During cultivation, chili pepper and tomato require the use of a broad range of pesticides to prevent and control pests and diseases. Fruits and vegetables are sprayed several times and up to the final harvest. Harvested products are often put onto the markets without consideration of the pre-harvest interval (PHI). As a consequence, the pesticide residues left on fruits can generate a potential health hazard for consumers. Many pesticides applied on tomatoes and chili peppers are persistent, dislodgeable by contact with the hands, and fat-soluble. As they can easily be absorbed through skin contact, farm workers who harvest tomatoes and chili peppers daily and for several hours can potentially be exposed to residual deposits of pesticides and possibly endanger their health.
The aim of this study is to assess assess the potential exposure for some consumers groups and farm workers during the harvest tasks through models
Material & methods
According to potential dermal exposure values, workers who spend several hours on a daily basis in greenhouses are at risk during re-entry activities, with potential effects on their health. Observations completed by analytical results indicate multiple pesticide applications leading to MRL exceedances and probable acute risk for Tunisian consumers There is an urgent need for awareness raising amongst professionals’ and training on good practices and hygiene rules to avoid their excessive exposure. This survey should be completed later by a bio-monitoring of the operators during spraying and workers during re-entry activities, with analysis of blood, urine and hair samples.
Assessment of exposure to pesticide residues in Tunisian crop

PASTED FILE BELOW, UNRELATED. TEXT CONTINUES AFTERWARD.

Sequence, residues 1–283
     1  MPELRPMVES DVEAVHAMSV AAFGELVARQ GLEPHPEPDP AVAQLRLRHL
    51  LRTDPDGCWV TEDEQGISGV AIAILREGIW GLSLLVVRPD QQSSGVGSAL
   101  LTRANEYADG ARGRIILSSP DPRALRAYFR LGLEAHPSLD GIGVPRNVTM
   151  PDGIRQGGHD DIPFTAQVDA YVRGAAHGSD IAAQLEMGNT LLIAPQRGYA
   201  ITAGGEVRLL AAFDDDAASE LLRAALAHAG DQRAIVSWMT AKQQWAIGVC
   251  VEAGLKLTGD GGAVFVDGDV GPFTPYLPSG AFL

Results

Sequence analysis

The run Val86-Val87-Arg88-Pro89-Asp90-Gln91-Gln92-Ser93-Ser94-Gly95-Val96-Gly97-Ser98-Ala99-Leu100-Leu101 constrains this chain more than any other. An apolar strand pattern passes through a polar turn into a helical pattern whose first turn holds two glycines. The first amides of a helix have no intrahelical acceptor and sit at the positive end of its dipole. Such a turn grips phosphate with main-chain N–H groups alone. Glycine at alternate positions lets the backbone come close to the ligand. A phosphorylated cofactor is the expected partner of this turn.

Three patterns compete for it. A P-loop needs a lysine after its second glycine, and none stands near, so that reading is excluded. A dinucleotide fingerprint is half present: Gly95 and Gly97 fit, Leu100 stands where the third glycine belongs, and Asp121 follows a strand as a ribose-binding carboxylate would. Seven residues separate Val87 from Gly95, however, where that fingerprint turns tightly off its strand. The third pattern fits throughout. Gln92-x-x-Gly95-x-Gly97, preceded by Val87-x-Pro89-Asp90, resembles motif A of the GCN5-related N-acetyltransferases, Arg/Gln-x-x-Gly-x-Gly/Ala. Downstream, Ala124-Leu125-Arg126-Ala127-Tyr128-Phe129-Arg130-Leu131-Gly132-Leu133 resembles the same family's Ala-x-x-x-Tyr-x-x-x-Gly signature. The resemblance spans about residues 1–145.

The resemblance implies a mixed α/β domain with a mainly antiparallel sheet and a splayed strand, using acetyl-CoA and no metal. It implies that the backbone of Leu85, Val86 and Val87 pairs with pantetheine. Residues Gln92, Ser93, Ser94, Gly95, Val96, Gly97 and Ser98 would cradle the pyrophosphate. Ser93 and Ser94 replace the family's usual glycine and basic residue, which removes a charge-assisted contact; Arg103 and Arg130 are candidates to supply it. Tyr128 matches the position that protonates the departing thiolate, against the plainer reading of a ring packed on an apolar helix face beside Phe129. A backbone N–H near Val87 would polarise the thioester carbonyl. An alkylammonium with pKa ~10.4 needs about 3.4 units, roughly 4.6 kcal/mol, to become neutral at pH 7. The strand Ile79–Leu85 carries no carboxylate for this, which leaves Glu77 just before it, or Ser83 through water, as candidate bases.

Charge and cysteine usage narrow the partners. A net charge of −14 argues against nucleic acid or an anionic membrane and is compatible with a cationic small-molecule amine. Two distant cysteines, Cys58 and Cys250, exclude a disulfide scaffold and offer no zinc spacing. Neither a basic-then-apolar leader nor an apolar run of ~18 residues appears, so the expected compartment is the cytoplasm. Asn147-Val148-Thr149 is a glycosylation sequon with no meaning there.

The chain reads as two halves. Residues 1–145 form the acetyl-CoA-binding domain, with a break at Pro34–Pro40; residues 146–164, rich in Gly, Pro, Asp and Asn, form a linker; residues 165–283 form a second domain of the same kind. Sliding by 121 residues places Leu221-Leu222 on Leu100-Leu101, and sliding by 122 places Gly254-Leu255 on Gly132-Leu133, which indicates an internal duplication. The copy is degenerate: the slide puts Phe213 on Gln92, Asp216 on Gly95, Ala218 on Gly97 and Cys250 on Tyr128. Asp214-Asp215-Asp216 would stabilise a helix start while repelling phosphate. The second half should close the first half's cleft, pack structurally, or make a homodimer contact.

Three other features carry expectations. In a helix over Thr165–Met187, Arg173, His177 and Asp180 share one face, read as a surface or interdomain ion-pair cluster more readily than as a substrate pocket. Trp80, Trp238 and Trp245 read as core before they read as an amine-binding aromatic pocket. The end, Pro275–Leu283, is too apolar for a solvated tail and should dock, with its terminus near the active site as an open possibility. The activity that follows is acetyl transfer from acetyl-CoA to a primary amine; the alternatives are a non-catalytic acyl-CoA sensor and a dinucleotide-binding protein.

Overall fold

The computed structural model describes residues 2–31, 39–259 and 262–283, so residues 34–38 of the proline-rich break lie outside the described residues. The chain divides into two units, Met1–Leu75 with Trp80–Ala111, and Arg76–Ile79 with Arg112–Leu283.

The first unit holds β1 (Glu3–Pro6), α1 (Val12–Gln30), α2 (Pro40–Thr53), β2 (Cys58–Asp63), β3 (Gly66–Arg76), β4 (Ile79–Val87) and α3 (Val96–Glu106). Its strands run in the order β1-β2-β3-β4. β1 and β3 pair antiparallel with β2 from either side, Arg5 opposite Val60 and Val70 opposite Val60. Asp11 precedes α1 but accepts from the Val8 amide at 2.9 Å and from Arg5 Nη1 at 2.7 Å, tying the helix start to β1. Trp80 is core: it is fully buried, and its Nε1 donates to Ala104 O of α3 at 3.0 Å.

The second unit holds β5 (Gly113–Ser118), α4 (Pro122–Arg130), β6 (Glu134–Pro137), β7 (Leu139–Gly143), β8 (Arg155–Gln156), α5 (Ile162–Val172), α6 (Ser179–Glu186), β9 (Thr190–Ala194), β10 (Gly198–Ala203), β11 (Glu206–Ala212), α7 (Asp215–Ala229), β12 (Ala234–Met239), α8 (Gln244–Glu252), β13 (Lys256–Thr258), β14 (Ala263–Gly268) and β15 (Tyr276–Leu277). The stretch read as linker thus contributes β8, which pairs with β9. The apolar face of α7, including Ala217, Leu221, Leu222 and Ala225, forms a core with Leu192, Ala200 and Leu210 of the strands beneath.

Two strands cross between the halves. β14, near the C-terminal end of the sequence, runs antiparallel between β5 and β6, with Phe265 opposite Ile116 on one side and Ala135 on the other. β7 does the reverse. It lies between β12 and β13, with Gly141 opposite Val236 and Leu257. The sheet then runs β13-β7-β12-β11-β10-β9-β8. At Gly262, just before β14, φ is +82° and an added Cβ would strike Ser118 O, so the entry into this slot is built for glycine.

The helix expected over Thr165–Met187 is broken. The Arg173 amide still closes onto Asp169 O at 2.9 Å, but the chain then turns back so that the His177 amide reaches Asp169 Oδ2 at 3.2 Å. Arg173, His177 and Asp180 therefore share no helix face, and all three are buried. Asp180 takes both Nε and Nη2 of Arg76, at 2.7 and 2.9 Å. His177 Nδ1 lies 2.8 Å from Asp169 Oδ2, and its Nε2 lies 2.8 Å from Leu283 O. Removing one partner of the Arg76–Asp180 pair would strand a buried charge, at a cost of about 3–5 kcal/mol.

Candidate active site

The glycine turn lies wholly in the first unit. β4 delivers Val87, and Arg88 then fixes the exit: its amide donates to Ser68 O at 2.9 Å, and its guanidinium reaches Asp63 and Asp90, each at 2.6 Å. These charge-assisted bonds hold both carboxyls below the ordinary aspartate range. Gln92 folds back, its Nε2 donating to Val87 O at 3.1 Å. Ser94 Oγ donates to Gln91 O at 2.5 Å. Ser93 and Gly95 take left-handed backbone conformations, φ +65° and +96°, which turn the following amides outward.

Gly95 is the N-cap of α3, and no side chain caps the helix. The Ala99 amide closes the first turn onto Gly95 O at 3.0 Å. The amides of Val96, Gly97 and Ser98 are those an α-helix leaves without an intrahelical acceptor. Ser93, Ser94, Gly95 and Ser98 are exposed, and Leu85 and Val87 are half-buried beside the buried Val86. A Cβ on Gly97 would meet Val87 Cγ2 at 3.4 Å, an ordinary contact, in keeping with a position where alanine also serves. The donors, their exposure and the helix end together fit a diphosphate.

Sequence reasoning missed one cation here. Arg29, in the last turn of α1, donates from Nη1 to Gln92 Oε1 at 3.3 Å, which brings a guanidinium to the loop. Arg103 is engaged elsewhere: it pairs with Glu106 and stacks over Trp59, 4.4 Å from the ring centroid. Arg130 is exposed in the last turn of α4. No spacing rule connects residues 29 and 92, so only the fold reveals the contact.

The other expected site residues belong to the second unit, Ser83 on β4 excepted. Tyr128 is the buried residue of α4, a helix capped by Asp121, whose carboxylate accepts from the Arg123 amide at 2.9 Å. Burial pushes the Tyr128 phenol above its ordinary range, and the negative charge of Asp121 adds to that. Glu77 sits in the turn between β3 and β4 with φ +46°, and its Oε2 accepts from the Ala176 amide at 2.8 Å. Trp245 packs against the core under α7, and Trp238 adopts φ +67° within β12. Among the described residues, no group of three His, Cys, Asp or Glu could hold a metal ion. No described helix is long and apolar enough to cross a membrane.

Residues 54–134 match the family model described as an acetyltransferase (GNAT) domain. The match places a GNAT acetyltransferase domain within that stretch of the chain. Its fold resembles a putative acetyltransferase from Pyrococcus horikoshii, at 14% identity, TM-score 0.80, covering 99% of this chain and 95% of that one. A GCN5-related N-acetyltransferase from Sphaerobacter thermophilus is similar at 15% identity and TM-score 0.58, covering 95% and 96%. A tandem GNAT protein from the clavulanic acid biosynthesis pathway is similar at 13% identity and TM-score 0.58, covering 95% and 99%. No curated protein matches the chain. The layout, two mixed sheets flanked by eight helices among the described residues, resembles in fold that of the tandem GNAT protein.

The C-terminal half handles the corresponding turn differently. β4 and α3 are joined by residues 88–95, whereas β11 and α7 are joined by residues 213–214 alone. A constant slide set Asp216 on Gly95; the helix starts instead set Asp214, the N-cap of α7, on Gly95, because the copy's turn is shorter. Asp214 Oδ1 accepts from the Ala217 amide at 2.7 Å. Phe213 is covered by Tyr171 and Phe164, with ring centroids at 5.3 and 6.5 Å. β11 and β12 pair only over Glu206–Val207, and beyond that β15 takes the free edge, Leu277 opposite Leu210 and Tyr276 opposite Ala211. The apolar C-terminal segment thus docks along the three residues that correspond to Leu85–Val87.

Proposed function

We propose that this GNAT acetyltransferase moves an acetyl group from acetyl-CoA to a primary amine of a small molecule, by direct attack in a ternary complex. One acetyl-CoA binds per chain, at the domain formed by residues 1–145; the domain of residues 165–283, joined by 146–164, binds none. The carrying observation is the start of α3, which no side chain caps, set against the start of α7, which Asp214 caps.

Khaoula TOUMI, Laure JOLY, Christiane VLEMINCKX & Bruno SCHIFFERS
Pesticide Science Laboratory– Gembloux Agro Bio Tech – University of Liege
Ten volunteers working in tomato and chili pepper greenhouses were chosen at random to evaluate their potential dermal exposure (PDE). Two pairs of cotton gloves were distributed to each worker and worn during two consecutive half days during harvesting fruits in 20 tomato and chili pepper greenhouses (from min 2 h to max 3 h/day). Sampling : tomatoes (10 samples ) + chili peppers (10 samples )
Analyse: multi-residue+combination (GC-MS/MS and LC-MS/MS)
PDE (mg/kg bw per day) = (C T (mg/kg) × GW (kg) × 4) / bw (kg)
C : concentration of the substance in the sub-sample (5 g) GW : average weight of the cotton gloves samples (61 g ) T : task duration (2 h during the trial; 8 h per day),
bw : body weight (conventionally, 60 kg).
SE (mg/kg bw per day) = PDE × 0.75
Risk : SE > AOEL (Acceptable Operator Exposure Level)
Predicted Short Term Intake (PSTI) = (LP × OR × v) / bw LP : the 97.5th percentile of the portion size in kg food per day,
OR: is the observed residue level the sample (in mg/kg), bw : is the mean body weight (in kg)
v : variability factor
Risk : PSTI > ARfD (Acute Reference Dose)
Toumi, K., Joly, L., Tarchoun N., Souabni, L., Bouaziz, M., Vleminckx, C., & Schiffers, B. (2018). Risk assessment of Tunisian consumers and farm workers exposed to residues after pesticide application in chili peppers and tomatoes. Tunisian Journal of Plant Protection. (in press).
worker risk assessment
Consumer risk Assessment
Tomatoes :chlorpyrifo ethyl (2685% of LMR)
Chili peppers : acetamiprid (156% of LMR), propagite (2000% of
LMR), proquinazid (341% ; 451 % of LMR), thiophanate methyl (298%; 324% of LMR)
PSTI of the insecticide
chlorpyrifos-ethyl exceeds the ARfD with a factor of 3.1 times (312%).
Results & Discussion
International conference on environmental pollution, risk assessment and remediation 2018
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Pesticide residues detected 57 63
Average pesticide residues per sample 18 18
Average total concentration of residues (mg/kg) 111 148
Most severely contaminated sample (mg/kg) 622 939
For tomato greenhouses 15 pesticide residues For chili pepper greenhouses 9 pesticide residues